Wednesday, July 21, 2010

September 11th Was Not Religiously Motivated?

Even after 9 years, the events of September 11th are still fresh on most peoples’ minds. Most of us can remember exactly what we were doing when the first plane smashed into the WTC tower. Most of us also remember the events that followed on the heels of the terror attack; Osama bin Laden and al Qaida claiming responsibility for the attacks in the name of Islam and the ensuing wars in Afghanistan and Iraq. However, according to Hadia Mubarak, who is a doctoral student at Georgetown University in the Islamic Studies department, has informed us that the events of September 11th were not religiously motivated. Let that sink in for a moment.

Her evidence for this fact is that when the WTC was attacked, a lot of different people died, including Christians, Muslims, etc. While I do agree that many different kinds of people died in the WTC attack, the underlying cause was a group of people that believed that they were ordained by “God” to attack the Great Satan. These people were Muslims doing their horrible deed in the name of Islam. When people like Pat Robertson makes stupid comments about the people of Haiti deserving the earthquake that decimated their country or that Katrina was divine retribution for the gays in New Orleans, no one questioned that what he was doing was in the name of Christianity. No one argued that Pat Robertson wasn’t a Christian. The silence from the Christian community about his comments was unspoken approval for what he said.

One point that I tend to agree with Ms. Mubarak is that the Muslim community has not done enough to distance themselves from the actions of extremists, especially in America. Usually when something horrible is done in the name of anything and the following response from said community is a deafening silence, it is seen as tacit approval of the horrible action that was committed. Look at the deafening silence from the crazy militias after Timothy McVeigh blew up the FBI building in Oklahoma City. No one came forward to denounce the act, there was just a vacuum. However, when the government raided the Branch Davidian compound in Waco, TX and the compound at Ruby Ridge, you couldn’t think straight from the noise of the uproar from the militia community.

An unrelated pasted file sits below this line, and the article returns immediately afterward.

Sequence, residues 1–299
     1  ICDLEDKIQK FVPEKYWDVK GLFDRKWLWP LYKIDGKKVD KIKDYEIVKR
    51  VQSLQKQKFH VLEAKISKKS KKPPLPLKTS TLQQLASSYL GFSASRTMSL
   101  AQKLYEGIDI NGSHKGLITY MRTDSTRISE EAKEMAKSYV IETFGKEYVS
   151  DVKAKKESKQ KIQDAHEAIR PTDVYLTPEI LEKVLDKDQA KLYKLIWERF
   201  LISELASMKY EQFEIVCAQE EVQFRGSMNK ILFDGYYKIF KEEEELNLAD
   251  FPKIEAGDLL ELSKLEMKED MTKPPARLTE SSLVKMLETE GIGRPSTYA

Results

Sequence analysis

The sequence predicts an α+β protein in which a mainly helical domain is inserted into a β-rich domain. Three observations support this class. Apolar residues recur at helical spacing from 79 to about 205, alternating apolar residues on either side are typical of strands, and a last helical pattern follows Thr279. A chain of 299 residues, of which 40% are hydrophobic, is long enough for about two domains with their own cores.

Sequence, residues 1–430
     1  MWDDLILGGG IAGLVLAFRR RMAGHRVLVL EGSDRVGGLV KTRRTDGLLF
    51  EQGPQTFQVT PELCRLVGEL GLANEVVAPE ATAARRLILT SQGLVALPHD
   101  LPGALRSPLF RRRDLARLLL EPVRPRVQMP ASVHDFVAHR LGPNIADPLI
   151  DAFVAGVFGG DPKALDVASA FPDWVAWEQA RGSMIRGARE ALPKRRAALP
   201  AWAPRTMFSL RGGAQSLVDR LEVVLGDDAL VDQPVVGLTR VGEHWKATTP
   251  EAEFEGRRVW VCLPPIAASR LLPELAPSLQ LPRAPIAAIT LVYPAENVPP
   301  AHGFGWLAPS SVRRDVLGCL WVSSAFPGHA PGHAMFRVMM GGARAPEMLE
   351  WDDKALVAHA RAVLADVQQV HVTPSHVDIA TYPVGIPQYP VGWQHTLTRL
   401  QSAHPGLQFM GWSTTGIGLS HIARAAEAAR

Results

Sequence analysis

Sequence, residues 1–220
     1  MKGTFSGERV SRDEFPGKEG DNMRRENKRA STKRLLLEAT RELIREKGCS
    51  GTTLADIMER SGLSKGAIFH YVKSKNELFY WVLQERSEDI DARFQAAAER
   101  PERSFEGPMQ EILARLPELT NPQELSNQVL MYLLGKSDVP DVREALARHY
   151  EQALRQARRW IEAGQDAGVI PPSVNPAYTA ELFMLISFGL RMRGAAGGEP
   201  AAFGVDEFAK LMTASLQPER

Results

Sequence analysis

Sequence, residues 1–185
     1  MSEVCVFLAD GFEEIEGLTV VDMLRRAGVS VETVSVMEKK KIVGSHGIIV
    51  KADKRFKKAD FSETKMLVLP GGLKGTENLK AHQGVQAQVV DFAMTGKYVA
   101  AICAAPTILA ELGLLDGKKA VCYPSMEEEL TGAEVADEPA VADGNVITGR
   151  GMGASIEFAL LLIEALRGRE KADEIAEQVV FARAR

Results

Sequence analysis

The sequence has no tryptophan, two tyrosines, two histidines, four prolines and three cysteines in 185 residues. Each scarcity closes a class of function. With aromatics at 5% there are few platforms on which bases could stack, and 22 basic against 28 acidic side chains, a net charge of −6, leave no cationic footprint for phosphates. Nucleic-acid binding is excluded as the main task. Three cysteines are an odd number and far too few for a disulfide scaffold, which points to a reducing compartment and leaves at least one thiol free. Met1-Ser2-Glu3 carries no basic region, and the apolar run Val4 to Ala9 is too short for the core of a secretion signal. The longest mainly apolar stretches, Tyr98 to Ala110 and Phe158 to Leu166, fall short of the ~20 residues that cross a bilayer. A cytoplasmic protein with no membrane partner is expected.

This is a recurring theme with most groups out there. You have silence when something is done in their name that they agree with and riots when something is done against them. Where are the Muslims who disagree with Islam being “hijacked” by people like Osama bin Laden and Iman al-Zawahiri? In this case, silence speaks volumes. Ms. Mubarak argues that violence is explicitly against Islam, but to people like bin Laden and Zawahiri it is. That is the problem with religion as a whole: the “holy books” are so stupid, vague, contradictory, that anyone can take away a message of violence, a message of peace, a message of racism, or a message of equality. You would think if the Quran or the Bible were divinely inspired, they would not be so ambiguous on important subjects like murder and terrorism. People take the crap put forth in the Quron and the Bible seriously! It’s not real though. It’s all musings from different people to fulfill some sort of agenda. I have no use for the Quron or the Bible and would prefer to see the paper put towards something that is actually true, like science and math books.

This article was written to say that the Islamic Center that is being built in New York should be allowed to do so because Islam was not the cause of the September 11th attacks. It did raise some interesting points about the political implications involved in the suicide bombings, such as the US support of Israel while it is crushing Palestine, or the Russian incursion into Chechnya, or the US involvement in Afghanistan. That is an interesting discussion that I am sure everyone has an opinion on and I could write for days on, but to say that religion didn’t play a major role in the WTC attacks is disingenuous at best and an outright lie at worst. I wouldn’t (and shouldn’t) expect anything else from someone who writes for the Washington Post, though. I think Ms. Mubarak is trying to find justification for her ridiculous beliefs.

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